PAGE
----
Loadable Kernel Module Exploits
Now we graduate to a more advanced example. Listing 1 presents a module that logs a message every time someone other than uid 0 (root) or uid 500 (me on my workstation) invokes the write system call with the word “Linux” somewhere in the buffer. You may have to stretch a little to find a use for this module by itself, but I assure you it demonstrates several useful concepts. We are able to do this all by replacing the write system call with our own function that performs the checking and logging, and then calls write. Let's go through this example step by step.
Notice all of the include files. There sure are a lot of them, but don't despair, the ones we are going to worry about are linux/sched.h and asm/uaccess.h. The sched.h include allows you to access the current task_struct structure via the current macro, providing a great deal of useful information about the current process (see Table 1 for a list of some useful fields in task_struct), while uaccess.h provides useful macros for accessing user-space memory (more on this later).
Even these few fields in task_struct are enough to enable some really interesting modules. Should arbitrary users be allowed to su to root? You can prevent them from doing so by wrapping setuid and checking for one of several prespecified UIDs before allowing the “real” setuid. This will allow you to develop, at the kernel level, an equivalent to the wheel group, or group of users that are allowed to su root. As an aside, the FSF has long held that the wheel group is a tool of fascist administrators (see the documentation for GNU su for more information).
Being able to audit or alter the behavior of system calls, simply on the basis of which uid invokes them, is obviously a powerful ability. It can make for good security policy to control and audit the actions of the “nobody” user and its friends, the uucp, mail and postgres users carefully. However, an even more powerful technique is to alter behavior based on an argument. We will ignore sys_call_table and origwrite for now and proceed directly to wrapped_write, which examines both the uid of the invoking process and its buffer argument.
The first thing you should notice is that wrapped_write begins with a call to kmalloc. Why not malloc, you may ask? Remember, we're still in kernel space, and we don't have access to malloc and other standard library functions. Even if we did, calling malloc, which returns a pointer to user-space memory, would be worthless. We need to allocate some memory in kernel space to copy data into from the buf argument. This is an important point: the same memory visibility barrier between kernel and user space that keeps your programs from crashing the kernel also adds a little bit of complexity to your kernel programming. When you call write from a C program, you pass a pointer to a user-space memory block that is inaccessible from the kernel. Therefore, if you want to do any operations on data pointed to by a user-space pointer, you will have to first copy that memory area into kernel space. The copy_from_user macro does this for you. copy_from_user takes three arguments, a “to” pointer, a “from” pointer and a count.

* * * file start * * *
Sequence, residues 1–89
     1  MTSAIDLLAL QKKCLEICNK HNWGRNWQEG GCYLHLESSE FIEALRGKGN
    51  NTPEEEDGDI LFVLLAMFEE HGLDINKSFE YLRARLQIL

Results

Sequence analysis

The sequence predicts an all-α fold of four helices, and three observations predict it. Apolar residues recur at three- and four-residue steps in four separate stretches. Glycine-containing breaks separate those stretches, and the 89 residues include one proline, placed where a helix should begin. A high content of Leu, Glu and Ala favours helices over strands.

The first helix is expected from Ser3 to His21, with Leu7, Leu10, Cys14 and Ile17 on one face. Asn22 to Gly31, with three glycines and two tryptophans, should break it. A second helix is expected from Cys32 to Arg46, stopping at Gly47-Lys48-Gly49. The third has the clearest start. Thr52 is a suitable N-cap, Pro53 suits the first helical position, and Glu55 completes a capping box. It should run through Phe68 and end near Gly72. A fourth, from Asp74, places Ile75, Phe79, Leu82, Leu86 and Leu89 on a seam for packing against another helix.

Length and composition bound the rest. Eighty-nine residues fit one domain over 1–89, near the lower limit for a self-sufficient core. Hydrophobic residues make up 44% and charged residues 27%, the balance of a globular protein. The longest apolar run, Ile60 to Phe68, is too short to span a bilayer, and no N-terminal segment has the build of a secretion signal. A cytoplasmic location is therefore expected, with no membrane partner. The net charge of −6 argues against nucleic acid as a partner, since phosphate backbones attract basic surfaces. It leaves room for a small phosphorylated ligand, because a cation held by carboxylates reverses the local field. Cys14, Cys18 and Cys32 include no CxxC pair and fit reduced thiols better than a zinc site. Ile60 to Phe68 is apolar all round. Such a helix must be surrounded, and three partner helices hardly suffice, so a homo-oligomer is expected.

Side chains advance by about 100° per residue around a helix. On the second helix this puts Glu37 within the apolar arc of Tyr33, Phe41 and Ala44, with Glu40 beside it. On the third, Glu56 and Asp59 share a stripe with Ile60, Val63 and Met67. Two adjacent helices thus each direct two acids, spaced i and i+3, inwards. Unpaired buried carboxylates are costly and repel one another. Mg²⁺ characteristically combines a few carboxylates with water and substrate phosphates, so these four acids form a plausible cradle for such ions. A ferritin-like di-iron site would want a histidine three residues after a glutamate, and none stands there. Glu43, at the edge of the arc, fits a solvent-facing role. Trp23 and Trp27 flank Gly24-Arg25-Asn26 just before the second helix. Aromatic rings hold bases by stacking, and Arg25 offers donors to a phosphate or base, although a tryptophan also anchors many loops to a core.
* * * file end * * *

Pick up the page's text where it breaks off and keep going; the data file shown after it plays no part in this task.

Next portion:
The remainder of wrapped_write is fairly straightforward, given what we know about current and task_struct. Perhaps a more interesting module would use strstr to check for the string “Linux sucks”, and if it existed, alter write_buf at that point to contain “Linux rule”, then transfer write_buf back to user space (with the copy_to_user macro) before calling the original write. Then, if unsuspecting users wrote “Linux sucks”, it would be replaced with “Linux rules”. kfree is important here. Leaking memory in the kernel is a bad thing, so be sure to kfree everything you kmalloc.
It is in init_module that we actually make the switch so that our function is called instead of the original write. Recall that syss_call_table is an array of pointers to functions. By altering the value at index SYS_write (a constant representing the system call number for write), we are able to cause another function to replace write. Be sure to save the original function, so you can replace it when the module is unloaded! You can test this module out by compiling and installing it with insmod; then su to some user other than 0 or 500, and type
% echo "I like Linux"
on a virtual console. You should get a message from the kernel that you're talking about Linux again. Congratulations! You are now ready for a module that does something useful.
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